Synopsis Purioris Theologiae:

20 At this point we should see whether sins, too, fall under divine providence. We assert that it is wrong to say God provides sins in the sense that to provide means to attend and to care for. But we do not doubt that it may, and indeed should be said that God exercises providence concerning sins. For He foresees sins in advance, and wills to permit them; and as they are seen beforehand, He destines them to some universal or particular good, whether for a display of his mercy or justice, or for some other good. And so it is rightly said that He exercises providence regarding them, since He disposes to do well regarding them. But if one considers only that which is real in sin and ‘positive,’ as they say, what others call ‘the matter’ of sin, namely, as an entity or as an action, in this sense sins can be said even to be provided by God, but only in a relative sense and not in itself. That is because the formal structure of sin exists in the absence of being and of good, in a certain deformity and disorderliness, which does not come from God and so cannot have been provided for by Him.

21 Here is a place for a distinction in the ways God handles providence when He implements it—it is either effective, or permitting. The first is the one whereby God works effectually, and in all things generally and individually perfects his work (namely all things both general and specific in nature), not only the essential good—the substances, motions, actions and completions of things—but also the moral good, such as all civic and spiritual virtues. Because, as the highest good, He is also the author and source of all good.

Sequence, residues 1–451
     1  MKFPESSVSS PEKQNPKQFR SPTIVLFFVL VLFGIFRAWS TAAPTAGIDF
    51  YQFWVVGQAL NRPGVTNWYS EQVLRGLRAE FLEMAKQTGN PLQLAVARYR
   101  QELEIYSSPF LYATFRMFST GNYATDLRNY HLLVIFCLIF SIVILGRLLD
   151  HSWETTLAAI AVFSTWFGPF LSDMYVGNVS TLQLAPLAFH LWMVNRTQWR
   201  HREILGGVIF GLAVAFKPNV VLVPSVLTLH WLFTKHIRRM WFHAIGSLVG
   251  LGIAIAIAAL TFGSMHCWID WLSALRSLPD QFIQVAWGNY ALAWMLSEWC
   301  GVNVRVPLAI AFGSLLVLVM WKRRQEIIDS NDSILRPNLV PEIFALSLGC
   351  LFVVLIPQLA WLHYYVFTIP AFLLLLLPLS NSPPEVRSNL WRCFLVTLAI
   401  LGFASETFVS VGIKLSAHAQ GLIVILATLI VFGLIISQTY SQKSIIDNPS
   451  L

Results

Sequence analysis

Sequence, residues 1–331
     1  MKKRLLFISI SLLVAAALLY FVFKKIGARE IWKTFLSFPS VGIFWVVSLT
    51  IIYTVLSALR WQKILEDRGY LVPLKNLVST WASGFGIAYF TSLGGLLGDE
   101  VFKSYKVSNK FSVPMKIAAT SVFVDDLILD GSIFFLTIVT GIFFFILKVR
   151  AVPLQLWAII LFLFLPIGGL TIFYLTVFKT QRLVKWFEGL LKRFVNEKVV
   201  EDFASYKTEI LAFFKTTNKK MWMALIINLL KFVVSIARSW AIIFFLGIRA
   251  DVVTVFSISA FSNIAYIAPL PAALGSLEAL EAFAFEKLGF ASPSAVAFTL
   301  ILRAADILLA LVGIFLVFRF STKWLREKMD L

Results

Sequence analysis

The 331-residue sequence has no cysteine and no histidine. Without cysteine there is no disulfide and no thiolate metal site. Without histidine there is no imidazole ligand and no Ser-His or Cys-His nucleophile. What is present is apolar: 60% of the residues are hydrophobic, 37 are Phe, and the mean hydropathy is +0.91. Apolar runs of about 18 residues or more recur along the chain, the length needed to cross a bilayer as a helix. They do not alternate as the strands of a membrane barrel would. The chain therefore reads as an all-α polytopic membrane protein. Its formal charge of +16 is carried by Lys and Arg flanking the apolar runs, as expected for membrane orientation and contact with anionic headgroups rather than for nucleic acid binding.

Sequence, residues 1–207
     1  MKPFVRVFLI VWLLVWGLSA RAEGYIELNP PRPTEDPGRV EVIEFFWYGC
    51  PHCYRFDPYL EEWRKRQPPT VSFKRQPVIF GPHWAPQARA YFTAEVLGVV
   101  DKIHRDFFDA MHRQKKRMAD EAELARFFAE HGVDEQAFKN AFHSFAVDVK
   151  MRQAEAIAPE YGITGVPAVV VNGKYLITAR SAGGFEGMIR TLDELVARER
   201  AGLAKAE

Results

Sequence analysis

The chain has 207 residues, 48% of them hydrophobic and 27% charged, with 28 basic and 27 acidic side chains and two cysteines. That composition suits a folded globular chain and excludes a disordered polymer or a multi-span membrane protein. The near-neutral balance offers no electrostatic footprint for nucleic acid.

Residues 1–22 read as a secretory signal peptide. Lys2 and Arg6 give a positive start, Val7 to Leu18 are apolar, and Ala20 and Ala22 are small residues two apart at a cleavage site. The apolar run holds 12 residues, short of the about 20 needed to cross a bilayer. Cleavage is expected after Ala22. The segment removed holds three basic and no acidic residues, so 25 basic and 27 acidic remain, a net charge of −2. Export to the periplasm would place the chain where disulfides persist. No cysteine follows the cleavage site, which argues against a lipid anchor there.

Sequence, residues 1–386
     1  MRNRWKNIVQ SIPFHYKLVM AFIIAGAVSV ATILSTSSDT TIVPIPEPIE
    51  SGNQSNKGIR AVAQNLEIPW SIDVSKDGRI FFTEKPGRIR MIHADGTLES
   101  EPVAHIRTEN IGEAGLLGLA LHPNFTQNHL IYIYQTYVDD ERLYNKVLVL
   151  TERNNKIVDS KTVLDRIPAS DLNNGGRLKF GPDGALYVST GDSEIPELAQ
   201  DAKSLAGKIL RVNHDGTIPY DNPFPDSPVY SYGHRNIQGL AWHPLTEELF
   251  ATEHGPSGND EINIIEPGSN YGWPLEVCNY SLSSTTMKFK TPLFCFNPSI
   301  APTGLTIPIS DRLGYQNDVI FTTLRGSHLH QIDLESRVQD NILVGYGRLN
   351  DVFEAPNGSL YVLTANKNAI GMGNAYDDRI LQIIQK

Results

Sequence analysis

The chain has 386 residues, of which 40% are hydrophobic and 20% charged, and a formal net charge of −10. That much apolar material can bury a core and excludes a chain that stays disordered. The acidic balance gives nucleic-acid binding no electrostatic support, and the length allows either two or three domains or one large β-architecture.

22 The second is attributed to God also in Scripture, in which it is often said that He permits something; not only when He allows us to obtain what we wish in actions and affairs that are good, or middling actions that make no difference, for which the permission is linked to God’s approval and effective operation (Hebrews 6:3 and 1Corinthians 16:7). But even when He does not prevent the evils and the sins which He forbids (though He is able to), as He does not have a law about hindering things. For this permission is granted; nevertheless, the things that are permitted by it are not approved continuously. In this way the following texts are interpreted: Isaiah 2:6, Jeremiah 16:13, Acts 14:16; Romans 1:24 and 28; Psalm 81:13.